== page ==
message 21: by Thomas (new)

Thomas Young | 8 comments Trike wrote: "The problem with Stephen King's writing is that once you strip away the prose you're left with a cliched -- and often swiped -- plot and characters. So you have to substitute something equally powe..."

Nice analysis, and I would agree that King often has the same theme, good vs evil, evil takes a toll on good, but good ultimately wins. But, that's who and what he is as an author.

But I have to respectfully disagree that Kubrick got it right. How can he have gotten the soul of the book when he changes he message? Kubrick made a very good slasher move. If you like the darker message that Kubrick sent, that's cool. But you can't say he got the soul of the book when the author hated what he did.

Kubrick did justice to many parts of the book. But, if you hadn't read the book, the movie would make very little sense. The party goers, the history behind the Overlook, how the hotel itself is evil, you only understand that if you read the book first. Kubrick wanted to tell his story. Not Kings. Which, again, f you liked it better, that's your prerogative. However, it's not the same story. Similar characters, similar locale, similar characteristics, but by changing the outcome, killing the hero, he changed completely the message. And since he paid King for the rights, he had the right to do so. I thought he ruined the story the second jack kills Halloran. That wasn't creepy. That was slasher.

And I agree w/ Reiner being the best adapter of Kings books. So perhaps, there are just going to be people who love kubricks version, and those like me, who hated what he did to one of their favorite books. And by the way, the Stand doesn't end quite like the shining. Remember, Randal Flagg is walking onto the beach in what sounds like South America, plotting all over again.


message 22: by Rik (new)

Rik | 632 comments Kubrick's movie was okay but it was far removed from the much superior book. The book is the first book I can ever remember getting scared by (I was in my teens)and worried something was going to jump out and get me even though it was about noon.


message 23: by Rik (last edited Feb 05, 2013 03:31PM) (new)

Rik | 632 comments The one that comes to mind for me is Dexter where the TV is far far superior to the books.

For those who haven't read the books only the first book bears any resemblance to the TV series. The first season and first book are extremely close with two major differences right at the end of the book: (view spoiler). After that though the TV series took its own path and while there is occasionally a hint of of something in the series that was slightly based off something from the book there is no similarity otherwise.

The books aren't bad (except for the third which is horrible for what it does to the mythology of Dexter: (view spoiler)) but they are darker and far more centered on Dexter than the series. In the books the only characters who get any page time are Dexter, Rita, Cody, Astor, and Debra. Hardly anyone else exists and you might tops see Bautista or Masuka on one or two pages and they might not even have a line.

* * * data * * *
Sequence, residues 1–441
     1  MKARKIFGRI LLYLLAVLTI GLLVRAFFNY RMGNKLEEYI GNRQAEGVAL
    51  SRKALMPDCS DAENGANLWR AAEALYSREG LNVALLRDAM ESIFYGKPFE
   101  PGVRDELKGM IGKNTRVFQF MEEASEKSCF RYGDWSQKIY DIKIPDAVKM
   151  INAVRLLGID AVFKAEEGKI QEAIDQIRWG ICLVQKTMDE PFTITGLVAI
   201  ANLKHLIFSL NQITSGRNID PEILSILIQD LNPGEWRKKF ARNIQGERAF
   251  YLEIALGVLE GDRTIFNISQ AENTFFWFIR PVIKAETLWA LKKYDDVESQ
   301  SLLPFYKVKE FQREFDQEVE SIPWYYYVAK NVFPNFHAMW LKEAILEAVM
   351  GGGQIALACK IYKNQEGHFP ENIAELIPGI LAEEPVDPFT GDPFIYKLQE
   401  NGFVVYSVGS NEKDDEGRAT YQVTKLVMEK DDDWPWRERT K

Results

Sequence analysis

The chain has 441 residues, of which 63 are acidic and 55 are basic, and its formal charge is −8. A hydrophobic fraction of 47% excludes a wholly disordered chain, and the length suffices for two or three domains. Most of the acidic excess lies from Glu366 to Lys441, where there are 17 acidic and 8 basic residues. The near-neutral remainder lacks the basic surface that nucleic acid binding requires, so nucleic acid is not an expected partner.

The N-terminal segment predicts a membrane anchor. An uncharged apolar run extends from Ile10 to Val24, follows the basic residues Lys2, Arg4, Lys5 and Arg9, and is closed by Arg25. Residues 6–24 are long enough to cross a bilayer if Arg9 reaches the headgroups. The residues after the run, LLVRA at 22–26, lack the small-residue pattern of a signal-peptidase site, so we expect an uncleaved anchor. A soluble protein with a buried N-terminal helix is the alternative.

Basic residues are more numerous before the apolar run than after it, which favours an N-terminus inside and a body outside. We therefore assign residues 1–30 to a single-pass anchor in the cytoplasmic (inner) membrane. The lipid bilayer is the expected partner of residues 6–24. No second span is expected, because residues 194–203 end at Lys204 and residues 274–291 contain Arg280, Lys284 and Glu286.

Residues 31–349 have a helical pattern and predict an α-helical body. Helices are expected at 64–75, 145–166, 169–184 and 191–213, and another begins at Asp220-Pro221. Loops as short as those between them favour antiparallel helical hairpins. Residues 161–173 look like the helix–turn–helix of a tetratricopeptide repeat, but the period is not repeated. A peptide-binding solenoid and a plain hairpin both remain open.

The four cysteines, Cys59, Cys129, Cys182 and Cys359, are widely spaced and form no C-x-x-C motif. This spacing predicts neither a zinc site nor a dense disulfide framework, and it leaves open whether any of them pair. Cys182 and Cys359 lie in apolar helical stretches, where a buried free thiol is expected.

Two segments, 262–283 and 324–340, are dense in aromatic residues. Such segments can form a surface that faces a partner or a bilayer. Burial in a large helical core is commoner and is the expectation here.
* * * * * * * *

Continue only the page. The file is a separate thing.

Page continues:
Dexter on TV is also a lot more of a sympathetic anti-hero than in the books. I can't really explain why without using mild spoilers from the books - these aren't really plot spoilers but do spoil certain themes in the books (view spoiler)


message 24: by Kevin (new)

Kevin Xu (kxu65) | 1081 comments Joe wrote: "There are a lot of films based on books that most people don't realize. Generally, the books aren't that great and are quickly forgotten. I have a theory that it's not hard to make a decent, even g..."

I never knew Dr. Strangelove, Die Hard or Die Hard 2 or Who Framed Roger Rabbit? were first books. Thanks for the information.


message 25: by Trike (new)

Trike | 3648 comments Thomas wrote: "But I have to respectfully disagree that Kubrick got it right. How can he have gotten the soul of the book when he changes he message? Kubrick made a very good slasher move. If you like the darker message that Kubrick sent, that's cool. But you can't say he got the soul of the book when the author hated what he did."

I do agree that killing Halloran was unnecessary for the story, but it might have been important to seal Torrance's fate. I haven't seen the movie in decades so I'd have to refresh my memory on that.

After I posted I looked up King's reaction (note to self: do research *before* extemporaneous screeds) and he's actually come around to liking Kubrick's vision. I maintain he was too close to the personal nature of the story to see it for it was back then.

One humorous factoid turned up: Kubrick sold the rights back to King for a cheap price on the condition King would agree to stop bad-mouthing the movie. I watched the version King made a few years ago but got bored at the halfway point because it was so lifeless.

I've long said that King is nearly impossible to translate into film because you lose the one thing he's good at. It's kind of like writing about Jackie Chan -- you simply can not adequately convey the brilliance of what he does on the page. Certain things simply belong in certain mediums and resist translating. For me, that's the problem with Watchmen. No matter how accurate or detailed an adaptation you make, you lose an entire layer of meaning once you take it out of the comic book format. Watchmen is a superhero comic that deconstructs superhero comics. Making it into a movie destroys its reason for existence, and simply substituting the filmic version of that deconstruction doesn't work because it's been done too many times before.


message 26: by Joseph (new)

Joseph | 1609 comments Kevin wrote: "Joe wrote: "I never knew Dr. Strangelove, Die Hard or Die Hard 2 or Who Framed Roger Rabbit? were first books. Thanks for the information."

Even better: The book that was the basis for Die Hard 2 was completely unrelated to the book that was the basis for Die Hard -- they basically just found an action novel and changed the name of the main character to John McClane.